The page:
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Jordan's Rejuvenation
By Linda Murphy
Jul 20, 2010
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Since the 1990 introduction of Wine & Spirits magazine’s annual Restaurant Poll tracking on-premise wine sales, Jordan Vineyard & Winery’s Alexander Valley (Sonoma County) Cabernet Sauvignon has ranked No. 1 in the Cab category 10 times and finished second another 10 times.  It’s never finished lower than sixth -- that happened in the recent 2010 survey -- and its Chardonnay makes a regular top-20 appearance.
Yet I was never excited by the wines.  I found Jordan’s Cabernet Sauvignons under-fruited and quite tannic when they were released, and I didn’t have the means to tuck them away for five years and see if they developed more complexity with age.  The Chardonnays from founder Tom Jordan’s Alexander Valley vineyard were well-made, yet lacked juiciness and vibrancy. 
It was no wonder: most parts of Alexander Valley are extremely hot in the summer and early fall, with 100-degree days.  In such heat, and planted in deep, valley-floor soils, Jordan’s grapes had little chance to become wines that were fresh and flavorful, with refreshing natural acidity and vibrant fruit.  As many Sonoma County wineries moved to cool-climate Chardonnay sources in Russian River Valley and Carneros, Jordan stuck to its estate-grown guns. 
Jordan’s chateau-style, ivy-covered winery/visitor center and immaculate grounds are enchanting, yet in the past, one had to be invited to experience the splendor.  Only loyal customers and those who had appointments arranged by a distributor, retailer or restaurateur, could visit and taste the wines.  As a high-end, restaurant-focused brand, Jordan didn’t need to appeal to the masses; for years, it didn’t even have a sign marking its entrance on Alexander Valley Road east of Healdsburg.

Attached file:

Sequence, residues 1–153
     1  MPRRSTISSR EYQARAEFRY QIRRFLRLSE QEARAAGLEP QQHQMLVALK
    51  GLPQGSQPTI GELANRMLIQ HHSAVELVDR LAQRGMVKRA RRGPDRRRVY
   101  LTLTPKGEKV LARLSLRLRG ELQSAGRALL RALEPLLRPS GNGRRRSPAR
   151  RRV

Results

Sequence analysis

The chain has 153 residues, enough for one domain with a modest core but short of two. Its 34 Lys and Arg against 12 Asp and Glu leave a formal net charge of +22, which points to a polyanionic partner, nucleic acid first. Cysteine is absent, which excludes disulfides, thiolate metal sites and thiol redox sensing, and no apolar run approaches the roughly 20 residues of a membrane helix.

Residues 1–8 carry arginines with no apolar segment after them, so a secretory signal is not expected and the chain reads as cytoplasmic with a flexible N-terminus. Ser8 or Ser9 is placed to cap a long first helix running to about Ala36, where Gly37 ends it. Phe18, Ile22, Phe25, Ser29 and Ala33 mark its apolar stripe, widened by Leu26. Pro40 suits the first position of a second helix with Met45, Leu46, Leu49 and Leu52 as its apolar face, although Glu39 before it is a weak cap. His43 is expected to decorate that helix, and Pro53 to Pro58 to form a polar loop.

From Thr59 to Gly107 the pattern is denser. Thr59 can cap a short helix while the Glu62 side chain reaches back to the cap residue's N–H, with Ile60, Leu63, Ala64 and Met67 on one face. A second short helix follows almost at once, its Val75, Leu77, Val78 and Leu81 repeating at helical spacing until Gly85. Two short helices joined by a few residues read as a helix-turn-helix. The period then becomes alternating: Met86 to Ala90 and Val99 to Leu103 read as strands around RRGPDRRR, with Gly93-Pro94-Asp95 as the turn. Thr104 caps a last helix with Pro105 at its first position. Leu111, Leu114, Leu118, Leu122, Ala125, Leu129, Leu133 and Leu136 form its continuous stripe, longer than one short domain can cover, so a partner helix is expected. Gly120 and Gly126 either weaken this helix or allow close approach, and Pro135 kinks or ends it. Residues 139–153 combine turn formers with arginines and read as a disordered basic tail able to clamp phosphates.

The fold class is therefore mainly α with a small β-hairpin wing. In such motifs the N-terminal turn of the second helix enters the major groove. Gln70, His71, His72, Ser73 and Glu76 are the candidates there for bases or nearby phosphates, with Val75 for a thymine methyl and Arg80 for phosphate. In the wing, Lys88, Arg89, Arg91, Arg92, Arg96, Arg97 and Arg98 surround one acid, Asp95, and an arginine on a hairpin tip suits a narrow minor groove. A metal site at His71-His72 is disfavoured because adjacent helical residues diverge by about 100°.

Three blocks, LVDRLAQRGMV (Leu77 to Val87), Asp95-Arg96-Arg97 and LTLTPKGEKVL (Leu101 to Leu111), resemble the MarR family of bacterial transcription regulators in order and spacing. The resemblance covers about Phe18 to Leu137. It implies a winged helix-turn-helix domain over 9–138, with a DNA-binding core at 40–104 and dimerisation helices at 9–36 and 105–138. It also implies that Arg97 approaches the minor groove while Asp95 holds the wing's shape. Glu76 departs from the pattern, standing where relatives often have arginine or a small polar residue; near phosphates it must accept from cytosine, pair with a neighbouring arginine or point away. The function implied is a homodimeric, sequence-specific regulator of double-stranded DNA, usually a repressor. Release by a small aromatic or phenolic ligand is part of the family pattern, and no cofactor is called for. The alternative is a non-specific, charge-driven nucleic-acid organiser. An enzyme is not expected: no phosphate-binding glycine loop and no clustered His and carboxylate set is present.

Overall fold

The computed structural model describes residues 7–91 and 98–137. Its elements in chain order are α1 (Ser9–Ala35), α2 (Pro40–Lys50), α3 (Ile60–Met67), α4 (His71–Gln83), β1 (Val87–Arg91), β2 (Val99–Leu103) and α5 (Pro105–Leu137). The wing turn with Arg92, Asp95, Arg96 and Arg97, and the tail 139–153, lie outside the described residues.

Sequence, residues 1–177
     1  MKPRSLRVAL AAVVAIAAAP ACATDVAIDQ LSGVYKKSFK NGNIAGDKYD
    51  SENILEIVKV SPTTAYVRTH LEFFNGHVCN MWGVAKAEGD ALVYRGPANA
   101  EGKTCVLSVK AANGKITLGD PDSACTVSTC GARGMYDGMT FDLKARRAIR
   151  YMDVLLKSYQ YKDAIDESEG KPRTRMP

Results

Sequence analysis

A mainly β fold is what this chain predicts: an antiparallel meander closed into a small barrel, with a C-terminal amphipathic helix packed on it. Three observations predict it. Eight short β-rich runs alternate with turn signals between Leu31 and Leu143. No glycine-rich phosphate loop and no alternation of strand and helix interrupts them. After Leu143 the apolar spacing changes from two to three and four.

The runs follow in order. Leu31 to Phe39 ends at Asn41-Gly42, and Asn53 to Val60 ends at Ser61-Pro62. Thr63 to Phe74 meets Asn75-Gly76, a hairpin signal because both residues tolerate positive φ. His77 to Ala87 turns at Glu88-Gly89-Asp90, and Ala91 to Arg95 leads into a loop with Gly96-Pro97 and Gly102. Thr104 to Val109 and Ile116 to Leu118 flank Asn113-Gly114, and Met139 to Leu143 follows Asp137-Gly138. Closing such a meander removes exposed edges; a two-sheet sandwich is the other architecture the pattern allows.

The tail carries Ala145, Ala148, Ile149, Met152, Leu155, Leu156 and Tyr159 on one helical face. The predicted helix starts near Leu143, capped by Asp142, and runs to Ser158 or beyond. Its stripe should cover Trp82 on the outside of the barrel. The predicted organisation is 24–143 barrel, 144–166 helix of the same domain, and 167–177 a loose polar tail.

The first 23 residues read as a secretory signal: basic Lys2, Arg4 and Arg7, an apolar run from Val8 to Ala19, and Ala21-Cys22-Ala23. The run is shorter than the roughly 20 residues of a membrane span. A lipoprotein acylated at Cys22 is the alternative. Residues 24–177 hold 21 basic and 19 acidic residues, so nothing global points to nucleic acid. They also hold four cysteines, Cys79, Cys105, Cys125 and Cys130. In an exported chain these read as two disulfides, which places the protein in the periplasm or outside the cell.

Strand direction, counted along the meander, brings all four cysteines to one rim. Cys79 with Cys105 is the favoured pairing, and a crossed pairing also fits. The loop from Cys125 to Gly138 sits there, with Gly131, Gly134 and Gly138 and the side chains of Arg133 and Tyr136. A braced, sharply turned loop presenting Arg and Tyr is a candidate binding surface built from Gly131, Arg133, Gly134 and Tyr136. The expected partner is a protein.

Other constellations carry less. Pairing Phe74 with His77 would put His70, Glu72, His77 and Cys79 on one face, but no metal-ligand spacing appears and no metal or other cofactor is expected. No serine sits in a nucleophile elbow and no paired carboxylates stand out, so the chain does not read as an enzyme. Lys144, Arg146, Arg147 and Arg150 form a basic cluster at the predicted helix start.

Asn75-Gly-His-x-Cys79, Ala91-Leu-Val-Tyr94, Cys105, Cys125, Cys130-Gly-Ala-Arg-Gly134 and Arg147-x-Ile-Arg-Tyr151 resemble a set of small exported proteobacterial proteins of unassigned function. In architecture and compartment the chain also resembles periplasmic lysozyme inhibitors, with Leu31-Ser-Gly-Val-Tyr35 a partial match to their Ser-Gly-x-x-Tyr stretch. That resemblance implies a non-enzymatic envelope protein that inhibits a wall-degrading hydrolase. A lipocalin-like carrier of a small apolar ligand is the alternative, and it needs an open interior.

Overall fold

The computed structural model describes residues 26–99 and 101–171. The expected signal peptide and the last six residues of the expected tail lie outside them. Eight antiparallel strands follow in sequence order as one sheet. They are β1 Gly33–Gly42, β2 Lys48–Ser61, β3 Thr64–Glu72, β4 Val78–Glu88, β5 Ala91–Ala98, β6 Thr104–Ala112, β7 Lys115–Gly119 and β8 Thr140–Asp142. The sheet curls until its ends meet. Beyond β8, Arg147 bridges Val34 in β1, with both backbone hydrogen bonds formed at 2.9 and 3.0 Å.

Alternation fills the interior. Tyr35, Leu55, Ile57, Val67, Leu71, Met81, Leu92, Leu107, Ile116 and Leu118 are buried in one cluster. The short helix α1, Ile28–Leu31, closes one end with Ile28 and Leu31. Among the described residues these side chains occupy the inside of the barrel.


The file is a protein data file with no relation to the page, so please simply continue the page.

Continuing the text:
I am happy to say that things have changed dramatically at Jordan, so much so that I’m now a fan of Rob Davis’ wines and of John Jordan, Tom’s son, who took over as CEO in 2005.  John, who left his law practice to join the business, has made enormous changes, including in the vineyards, the hospitality center and consumer outreach.  Appointments are still required to visit, yet one doesn’t need to know the password or secret handshake.  Just call.  If you can’t visit, you can go to Jordan’s website for videos that transport you there.
It wasn’t that Tom Jordan wasn’t doing the right thing when he founded the winery in 1972 -- the same year John was born.  Back then, most Sonoma and Napa vintners grew their grapes on valley floors, where it was easy to get a high-yielding, financially sound crop.  Yet in response to the phylloxera outbreak in the late 1980s, growers began replanting on the benchlands, hillsides and mountains above the valley floor; this gave them grapes with more intensity and complexity. 
Jordan was rather late in moving to the benches (for Cabernet Sauvignon) and Russian River Valley (for Chardonnay).  Tom’s wines continued to sell like hotcakes in restaurants, as diners were so familiar with and loyal to the brand, and Jordan Cab had the tannic bite to cut through the fat of a medium-rare steak or a slab of prime rib.  Moreover, Jordan Cabernet Sauvignon was reminiscent of young Bordeaux, yet costed a fraction of the price.